She didn’t answer him, but curled her fingers around the top of his pants and pulled him close. Her hands went down his pants, rubbing his penis until all thought of teasing and game-playing went out the window. He groaned and pulled off her T-shirt, tossing it behind him, putting his hand down the front of her jeans. “Two can play that game,” he whispered in her ear as he slipped his fingers inside her panties and found her sweet spot.

Elle’s knees buckled as Patrick rubbed her, and there was no more waiting. She’d screw him up against this wall if she had to. She pulled at his shirt and he used his free hand to help her pull it over his head. She unclasped her bra and pressed her breasts against his hot chest. She was about to take off her pants when he pulled his hand out and picked her up.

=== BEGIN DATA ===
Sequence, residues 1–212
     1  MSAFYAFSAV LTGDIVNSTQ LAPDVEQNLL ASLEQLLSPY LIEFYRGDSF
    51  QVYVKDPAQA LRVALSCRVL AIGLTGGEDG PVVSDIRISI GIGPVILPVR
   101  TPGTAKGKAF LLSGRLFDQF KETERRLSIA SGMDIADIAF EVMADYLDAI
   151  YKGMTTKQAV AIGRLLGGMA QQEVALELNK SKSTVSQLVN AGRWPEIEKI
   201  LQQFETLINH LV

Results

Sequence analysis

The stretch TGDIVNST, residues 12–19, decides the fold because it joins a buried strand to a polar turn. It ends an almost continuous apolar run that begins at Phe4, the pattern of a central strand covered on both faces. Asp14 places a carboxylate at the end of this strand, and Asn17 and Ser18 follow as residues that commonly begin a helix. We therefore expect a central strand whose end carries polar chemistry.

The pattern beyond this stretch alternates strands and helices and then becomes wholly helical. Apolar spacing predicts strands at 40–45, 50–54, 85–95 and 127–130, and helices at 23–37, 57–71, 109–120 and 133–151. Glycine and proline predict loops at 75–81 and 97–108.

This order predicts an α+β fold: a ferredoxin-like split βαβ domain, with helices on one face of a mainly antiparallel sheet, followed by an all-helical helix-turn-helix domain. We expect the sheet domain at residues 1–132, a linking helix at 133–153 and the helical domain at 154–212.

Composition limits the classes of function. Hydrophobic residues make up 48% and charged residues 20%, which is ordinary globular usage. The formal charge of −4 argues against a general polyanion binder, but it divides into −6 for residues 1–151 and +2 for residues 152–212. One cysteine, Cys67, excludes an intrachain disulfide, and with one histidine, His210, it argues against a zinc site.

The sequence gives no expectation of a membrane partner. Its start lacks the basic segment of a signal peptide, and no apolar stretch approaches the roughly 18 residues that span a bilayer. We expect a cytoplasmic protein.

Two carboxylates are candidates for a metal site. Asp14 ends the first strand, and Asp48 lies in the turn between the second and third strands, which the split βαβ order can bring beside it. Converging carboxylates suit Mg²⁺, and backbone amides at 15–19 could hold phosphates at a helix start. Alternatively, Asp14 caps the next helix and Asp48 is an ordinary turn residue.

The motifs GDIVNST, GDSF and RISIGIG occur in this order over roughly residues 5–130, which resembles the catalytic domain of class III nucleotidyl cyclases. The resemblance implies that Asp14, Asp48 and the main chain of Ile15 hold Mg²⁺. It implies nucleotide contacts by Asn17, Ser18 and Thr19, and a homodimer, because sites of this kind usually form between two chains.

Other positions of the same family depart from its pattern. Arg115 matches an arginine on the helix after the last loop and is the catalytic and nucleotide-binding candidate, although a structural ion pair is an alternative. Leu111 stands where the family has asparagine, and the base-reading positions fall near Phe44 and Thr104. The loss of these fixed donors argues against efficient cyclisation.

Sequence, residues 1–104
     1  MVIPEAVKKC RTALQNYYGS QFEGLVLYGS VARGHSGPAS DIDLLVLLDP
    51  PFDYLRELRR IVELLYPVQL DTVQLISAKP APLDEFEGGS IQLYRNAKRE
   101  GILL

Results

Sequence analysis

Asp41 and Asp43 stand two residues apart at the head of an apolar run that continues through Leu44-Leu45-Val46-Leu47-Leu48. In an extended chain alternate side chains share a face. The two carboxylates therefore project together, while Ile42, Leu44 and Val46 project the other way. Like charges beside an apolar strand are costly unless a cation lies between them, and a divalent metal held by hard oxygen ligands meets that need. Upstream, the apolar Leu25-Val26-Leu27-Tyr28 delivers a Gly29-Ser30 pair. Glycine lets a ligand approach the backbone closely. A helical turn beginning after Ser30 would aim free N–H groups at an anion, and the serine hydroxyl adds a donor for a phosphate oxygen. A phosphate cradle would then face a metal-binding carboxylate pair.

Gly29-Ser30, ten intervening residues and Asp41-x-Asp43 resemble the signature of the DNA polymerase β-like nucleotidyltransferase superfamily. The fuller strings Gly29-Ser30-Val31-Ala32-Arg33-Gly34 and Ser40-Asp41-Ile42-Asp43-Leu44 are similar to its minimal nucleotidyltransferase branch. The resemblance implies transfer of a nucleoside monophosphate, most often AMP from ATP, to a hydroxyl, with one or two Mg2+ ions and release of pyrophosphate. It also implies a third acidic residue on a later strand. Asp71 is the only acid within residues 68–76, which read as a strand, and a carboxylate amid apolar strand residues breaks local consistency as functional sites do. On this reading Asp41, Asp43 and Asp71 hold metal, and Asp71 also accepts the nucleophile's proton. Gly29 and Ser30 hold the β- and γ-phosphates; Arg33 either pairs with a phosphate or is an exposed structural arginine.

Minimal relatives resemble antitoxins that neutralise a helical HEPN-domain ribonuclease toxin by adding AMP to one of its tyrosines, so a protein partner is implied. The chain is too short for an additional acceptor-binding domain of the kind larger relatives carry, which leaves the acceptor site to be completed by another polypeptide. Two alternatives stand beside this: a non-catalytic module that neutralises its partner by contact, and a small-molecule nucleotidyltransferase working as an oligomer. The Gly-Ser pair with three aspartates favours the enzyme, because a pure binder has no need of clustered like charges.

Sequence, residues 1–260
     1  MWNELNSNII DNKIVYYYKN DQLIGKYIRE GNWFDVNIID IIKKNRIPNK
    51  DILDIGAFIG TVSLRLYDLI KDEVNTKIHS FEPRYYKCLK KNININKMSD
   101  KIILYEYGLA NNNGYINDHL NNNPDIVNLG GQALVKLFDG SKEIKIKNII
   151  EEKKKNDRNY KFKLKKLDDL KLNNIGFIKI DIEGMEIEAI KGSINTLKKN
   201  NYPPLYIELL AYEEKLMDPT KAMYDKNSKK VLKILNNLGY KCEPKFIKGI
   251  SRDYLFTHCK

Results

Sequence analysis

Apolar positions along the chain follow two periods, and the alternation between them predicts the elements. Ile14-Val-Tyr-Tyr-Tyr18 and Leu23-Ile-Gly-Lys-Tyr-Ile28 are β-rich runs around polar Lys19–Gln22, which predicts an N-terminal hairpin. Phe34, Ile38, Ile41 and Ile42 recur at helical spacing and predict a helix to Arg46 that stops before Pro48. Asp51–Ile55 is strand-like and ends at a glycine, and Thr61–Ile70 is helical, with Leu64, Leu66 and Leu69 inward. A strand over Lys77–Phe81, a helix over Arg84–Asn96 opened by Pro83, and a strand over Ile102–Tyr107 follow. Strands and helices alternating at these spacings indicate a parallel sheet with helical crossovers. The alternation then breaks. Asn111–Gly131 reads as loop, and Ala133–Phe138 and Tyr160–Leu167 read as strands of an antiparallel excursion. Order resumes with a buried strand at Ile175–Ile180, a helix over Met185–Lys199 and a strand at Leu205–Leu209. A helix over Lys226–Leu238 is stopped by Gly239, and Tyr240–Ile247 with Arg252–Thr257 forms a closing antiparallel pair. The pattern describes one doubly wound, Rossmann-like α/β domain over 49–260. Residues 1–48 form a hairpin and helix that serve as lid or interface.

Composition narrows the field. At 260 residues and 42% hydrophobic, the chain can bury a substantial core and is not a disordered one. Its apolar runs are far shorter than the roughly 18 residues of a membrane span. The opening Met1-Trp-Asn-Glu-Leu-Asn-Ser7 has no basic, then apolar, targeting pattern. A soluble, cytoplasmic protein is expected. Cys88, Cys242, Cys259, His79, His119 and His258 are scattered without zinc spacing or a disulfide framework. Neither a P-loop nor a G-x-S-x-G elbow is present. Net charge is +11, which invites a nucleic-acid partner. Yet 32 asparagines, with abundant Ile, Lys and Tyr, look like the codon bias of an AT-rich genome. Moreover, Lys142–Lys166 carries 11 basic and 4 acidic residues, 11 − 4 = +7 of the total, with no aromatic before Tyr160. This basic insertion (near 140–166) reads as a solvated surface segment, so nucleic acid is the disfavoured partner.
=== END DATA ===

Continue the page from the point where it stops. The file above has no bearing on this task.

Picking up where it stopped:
“You can’t carry me,” she said.

“Watch me.”

Patrick had muscles that she hadn’t seen under his conservative clothes. Muscles sharp and well defined and perfectly capable of carrying her. He took her up the stairs with an ease that surprised and thrilled her.

He dropped her to her bed and she grinned. “Well, Patrick, it’s all or nothing.” She reached into her nightstand and pulled out a condom, mentally thanking herself that she had them. She tossed it at him.

He caught it and dropped his pants. “All,” he said.

Elle was happily lost for the rest of the night.

Copyright © 2013 by Allison Brennan.

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Allison Brennan is the New York Times and USA Today bestselling author of eighteen novels and many short stories. A former consultant in the California State Legislature, she lives in Northern California with her husband Dan and their five children.